Hydrilla- Very similar in appearance to our native elodea (Elodea canadensis) and to Class B noxious weed Brazilian elodea (Egeria densa), this aquatic perennial is especially problematic in waterways and attempts to mechanically control will often perpetuate its spread.
Hydrilla vs Native Elodea fact sheet from the New Jersey Water Supply Authority
Leaves: Whorled formation of 3-10 (but most often 5) leaves with sharply toothed margins. There are often spines along the reddish midrib giving the plant a "velcro" feeling when pulled.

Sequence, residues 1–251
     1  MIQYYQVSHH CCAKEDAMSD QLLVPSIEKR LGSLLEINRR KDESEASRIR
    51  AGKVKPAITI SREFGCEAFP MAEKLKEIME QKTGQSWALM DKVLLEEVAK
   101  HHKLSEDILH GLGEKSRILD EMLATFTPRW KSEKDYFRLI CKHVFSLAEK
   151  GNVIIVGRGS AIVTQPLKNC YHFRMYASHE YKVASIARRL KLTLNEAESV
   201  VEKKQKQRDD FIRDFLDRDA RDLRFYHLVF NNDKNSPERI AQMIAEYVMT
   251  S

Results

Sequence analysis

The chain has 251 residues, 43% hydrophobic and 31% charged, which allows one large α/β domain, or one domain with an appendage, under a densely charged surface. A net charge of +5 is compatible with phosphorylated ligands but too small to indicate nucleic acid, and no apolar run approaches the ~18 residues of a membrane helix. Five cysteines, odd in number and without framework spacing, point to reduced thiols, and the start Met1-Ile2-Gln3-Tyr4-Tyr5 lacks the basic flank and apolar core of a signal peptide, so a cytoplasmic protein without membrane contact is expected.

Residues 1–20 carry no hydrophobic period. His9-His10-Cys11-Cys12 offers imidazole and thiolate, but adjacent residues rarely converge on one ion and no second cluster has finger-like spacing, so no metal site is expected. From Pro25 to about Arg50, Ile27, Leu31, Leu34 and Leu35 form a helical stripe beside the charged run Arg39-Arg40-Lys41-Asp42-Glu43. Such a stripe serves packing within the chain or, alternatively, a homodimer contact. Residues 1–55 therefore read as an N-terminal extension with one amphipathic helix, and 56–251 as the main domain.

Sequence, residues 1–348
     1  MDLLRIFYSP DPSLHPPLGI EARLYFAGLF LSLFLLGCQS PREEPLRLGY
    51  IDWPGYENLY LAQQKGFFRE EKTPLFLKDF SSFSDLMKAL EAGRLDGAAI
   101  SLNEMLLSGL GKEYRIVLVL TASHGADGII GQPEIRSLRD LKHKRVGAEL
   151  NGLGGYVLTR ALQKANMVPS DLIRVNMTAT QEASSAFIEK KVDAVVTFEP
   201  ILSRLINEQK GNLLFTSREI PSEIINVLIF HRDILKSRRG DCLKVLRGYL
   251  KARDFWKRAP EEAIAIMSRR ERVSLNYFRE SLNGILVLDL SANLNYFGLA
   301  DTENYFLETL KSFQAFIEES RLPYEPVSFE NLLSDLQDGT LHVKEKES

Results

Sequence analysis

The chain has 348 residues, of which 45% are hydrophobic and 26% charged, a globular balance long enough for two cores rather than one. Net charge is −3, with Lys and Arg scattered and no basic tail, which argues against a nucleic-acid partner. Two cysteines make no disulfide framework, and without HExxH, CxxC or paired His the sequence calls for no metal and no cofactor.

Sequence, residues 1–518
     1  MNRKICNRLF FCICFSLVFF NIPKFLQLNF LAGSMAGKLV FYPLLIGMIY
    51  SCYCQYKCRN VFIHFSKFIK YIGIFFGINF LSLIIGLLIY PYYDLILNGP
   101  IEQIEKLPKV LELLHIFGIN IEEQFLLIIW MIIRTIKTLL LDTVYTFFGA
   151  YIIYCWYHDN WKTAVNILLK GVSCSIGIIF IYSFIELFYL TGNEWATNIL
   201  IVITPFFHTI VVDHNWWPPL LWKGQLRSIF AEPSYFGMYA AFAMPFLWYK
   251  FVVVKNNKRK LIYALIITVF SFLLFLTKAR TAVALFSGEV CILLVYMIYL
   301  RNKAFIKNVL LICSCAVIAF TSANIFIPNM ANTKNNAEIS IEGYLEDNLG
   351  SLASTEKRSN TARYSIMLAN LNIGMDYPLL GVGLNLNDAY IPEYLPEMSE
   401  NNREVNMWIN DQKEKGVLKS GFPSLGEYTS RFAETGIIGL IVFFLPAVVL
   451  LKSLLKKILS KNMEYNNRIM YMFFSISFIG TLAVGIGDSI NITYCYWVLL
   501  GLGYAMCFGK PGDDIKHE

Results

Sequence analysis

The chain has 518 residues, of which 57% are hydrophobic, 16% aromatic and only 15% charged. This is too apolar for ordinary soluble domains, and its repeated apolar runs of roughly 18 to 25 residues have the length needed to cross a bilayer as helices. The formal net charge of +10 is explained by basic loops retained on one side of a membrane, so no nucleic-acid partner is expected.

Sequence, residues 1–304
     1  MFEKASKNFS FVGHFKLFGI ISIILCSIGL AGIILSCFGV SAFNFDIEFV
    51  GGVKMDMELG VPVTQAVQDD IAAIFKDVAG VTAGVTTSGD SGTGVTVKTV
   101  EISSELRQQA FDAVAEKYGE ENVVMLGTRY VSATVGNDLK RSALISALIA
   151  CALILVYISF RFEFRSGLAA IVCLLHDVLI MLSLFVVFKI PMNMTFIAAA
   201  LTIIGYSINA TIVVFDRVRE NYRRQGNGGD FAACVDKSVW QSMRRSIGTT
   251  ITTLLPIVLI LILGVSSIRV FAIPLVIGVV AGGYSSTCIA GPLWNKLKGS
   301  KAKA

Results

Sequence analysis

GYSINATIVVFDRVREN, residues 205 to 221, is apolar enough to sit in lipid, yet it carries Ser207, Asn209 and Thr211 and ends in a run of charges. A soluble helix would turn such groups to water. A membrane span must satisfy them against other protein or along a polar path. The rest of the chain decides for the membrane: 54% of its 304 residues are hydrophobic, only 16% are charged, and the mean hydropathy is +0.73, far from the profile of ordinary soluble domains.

Flowers: Transparent to white, female flowers with petals of 3 are attached to the stem tip by a slender stalk. Male flowers are produced in the leaf axils before detaching to become free floating. Blooms mid to late summer.
Habitat: Hydrilla grows rooted to the bottom of lakes, ponds, springs, ditches, marshes, wet ricefields, slow streams, and tidal waters, where it is submersed in either still or flowing water
Not known to be present in Lewis County
WA State Noxious Weed Board
UC Davis Weed Report